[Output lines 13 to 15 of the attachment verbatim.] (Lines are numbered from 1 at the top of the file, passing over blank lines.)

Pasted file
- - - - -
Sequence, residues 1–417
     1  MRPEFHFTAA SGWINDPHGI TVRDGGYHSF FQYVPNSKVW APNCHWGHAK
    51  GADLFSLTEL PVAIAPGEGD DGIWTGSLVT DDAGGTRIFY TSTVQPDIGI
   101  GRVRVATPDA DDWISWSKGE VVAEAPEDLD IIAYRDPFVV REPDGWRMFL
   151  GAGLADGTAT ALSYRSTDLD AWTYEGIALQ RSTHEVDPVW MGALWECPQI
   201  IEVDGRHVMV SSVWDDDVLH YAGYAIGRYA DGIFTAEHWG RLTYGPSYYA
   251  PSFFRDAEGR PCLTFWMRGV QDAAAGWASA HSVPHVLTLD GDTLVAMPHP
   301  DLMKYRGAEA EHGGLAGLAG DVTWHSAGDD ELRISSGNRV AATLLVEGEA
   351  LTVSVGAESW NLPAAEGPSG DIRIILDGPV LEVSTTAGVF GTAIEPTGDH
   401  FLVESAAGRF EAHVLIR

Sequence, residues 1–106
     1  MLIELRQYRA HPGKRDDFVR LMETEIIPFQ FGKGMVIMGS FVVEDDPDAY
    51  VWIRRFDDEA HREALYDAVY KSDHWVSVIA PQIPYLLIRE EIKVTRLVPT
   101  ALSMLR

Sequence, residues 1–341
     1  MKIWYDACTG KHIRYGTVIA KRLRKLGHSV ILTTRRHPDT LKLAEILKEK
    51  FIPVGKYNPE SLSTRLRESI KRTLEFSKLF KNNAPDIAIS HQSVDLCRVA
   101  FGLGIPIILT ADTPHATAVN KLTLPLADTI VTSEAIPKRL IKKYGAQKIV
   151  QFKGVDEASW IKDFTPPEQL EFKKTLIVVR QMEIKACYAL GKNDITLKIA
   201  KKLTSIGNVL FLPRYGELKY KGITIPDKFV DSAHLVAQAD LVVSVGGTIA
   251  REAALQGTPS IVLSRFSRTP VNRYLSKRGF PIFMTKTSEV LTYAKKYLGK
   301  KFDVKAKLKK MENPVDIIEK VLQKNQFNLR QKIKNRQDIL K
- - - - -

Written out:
    51  VWIRRFDDEA HREALYDAVY KSDHWVSVIA PQIPYLLIRE EIKVTRLVPT
   101  ALSMLR

Sequence, residues 1–341